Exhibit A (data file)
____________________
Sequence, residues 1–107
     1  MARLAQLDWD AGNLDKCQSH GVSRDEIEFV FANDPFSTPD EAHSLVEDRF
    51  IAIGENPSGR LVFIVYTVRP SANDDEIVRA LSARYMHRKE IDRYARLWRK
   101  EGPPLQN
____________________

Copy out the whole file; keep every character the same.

Sequence, residues 1–107
     1  MARLAQLDWD AGNLDKCQSH GVSRDEIEFV FANDPFSTPD EAHSLVEDRF
    51  IAIGENPSGR LVFIVYTVRP SANDDEIVRA LSARYMHRKE IDRYARLWRK
   101  EGPPLQN